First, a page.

Conference: Distrust of animal ag, how to address?
Closing the gap on three issues driving consumer distrust in animal agriculture animal housing, emerging genetic advancements and antibiotics use will be the focus of The Center for Food Integrity (CFI) 2016 North American Strategy Conference on Animal Agriculture, May 18-19, at McDonald¹s Hamburger University in Chicago.
CFI¹s latest consumer trust research reveals that a near-record 60 percent strongly agree with the following statement: ³If animals are treated decently and humanely I have no problem eating meat, milk and eggs.² Yet, a much smaller percentage of consumers, 25 percent, strongly agree that U.S. meat comes from humanely treated animals.
³Leaders in animal agriculture must effectively address this disconnect between consumer support for consuming meat, milk and eggs and growing doubt that farm animals are treated humanely,² said Charlie Arnot, CEO of CFI. ³Our conference, ŒHow Do We Close the Animal Ag Gap?¹, will explore why the divide exists and what those in animal agriculture can do to close it, focusing specifically on three topics we believe are drivers for consumer distrust.²
Expert speakers and panelists will present and participate in moderated discussion on each topic.
From gestation stalls to cage-free eggs, animal housing has received considerable attention as consumers express interest in the issue, asking restaurants and retailers to meet their expectations. Paul Shapiro, vice president of farm animal protection, The Humane Society of the United States, will join Janeen Salak-Johnson, Ph.D, associate professor, stress physiology and animal well-being, University of Illinois Department of Animal Sciences, on the first panel, addressing topics related to animal housing.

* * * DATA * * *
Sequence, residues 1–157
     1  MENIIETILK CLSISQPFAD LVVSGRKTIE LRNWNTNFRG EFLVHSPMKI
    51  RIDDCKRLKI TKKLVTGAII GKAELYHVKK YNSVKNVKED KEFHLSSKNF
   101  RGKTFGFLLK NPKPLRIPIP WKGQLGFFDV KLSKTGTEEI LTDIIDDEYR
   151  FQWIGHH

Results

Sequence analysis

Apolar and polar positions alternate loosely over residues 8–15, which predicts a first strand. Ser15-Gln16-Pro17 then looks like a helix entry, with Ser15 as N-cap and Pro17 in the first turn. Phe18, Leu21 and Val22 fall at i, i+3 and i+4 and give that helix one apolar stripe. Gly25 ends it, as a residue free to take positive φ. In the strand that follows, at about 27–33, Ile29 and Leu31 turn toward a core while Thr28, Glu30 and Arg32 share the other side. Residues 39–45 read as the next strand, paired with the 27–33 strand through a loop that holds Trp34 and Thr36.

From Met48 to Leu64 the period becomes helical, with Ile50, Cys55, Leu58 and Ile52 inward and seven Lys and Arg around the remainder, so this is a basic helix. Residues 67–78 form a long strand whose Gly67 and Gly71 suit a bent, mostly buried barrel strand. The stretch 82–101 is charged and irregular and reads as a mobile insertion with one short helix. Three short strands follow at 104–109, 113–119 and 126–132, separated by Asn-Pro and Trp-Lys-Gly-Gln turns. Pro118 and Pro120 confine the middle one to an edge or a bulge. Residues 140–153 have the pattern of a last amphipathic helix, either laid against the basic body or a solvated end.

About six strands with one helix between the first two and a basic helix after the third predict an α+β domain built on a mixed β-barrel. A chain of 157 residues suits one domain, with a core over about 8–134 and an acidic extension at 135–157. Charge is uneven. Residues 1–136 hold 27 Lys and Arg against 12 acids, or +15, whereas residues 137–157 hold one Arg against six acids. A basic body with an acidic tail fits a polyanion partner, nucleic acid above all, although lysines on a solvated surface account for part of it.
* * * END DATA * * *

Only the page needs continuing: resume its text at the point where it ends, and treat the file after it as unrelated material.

In the second panel session, Alison Van Eennenaam, Ph.D, Cooperative Extension Service specialist, animal genomics and biotechnology, University of California, Davis, will be joined by Bill Christianson, DVM, Ph.D, chief operating officer of PIC, and Mark Walton, Ph.D, chief marketing officer of Recombinetics, to discuss emerging genetic advancements being used in animals. PIC recently announced the development of the first PRRS-resistant pigs. Recombinetics is developing technology to inhibit horn growth in dairy cows.
The third session will examine antibiotic use in agriculture as it relates to animal well-being and human health. Leah Dorman, DVM, director of food integrity and consumer engagement, Phibro Animal Health, will join Maryn McKenna, journalist, author and contributor at National Geographic, on the panel.
The Strategy Conference will close with a panel of consumers offering their insights and perspectives on various issues related to animal agriculture.
The annual CFI North American Strategy Conference on Animal Agriculture, sponsored by the United Soybean Board, hosts leaders from local, state, national and international producer organizations and livestock coalitions, along with allied industry, branded food companies and government organizations. Free to attend, the Strategy Conference begins Wednesday, May 18, at 1 p.m., and adjourns Thursday, May 19, at noon. Learn more and register to attend at http://www.FoodIntegrity.org.
–Center for Food Integrity
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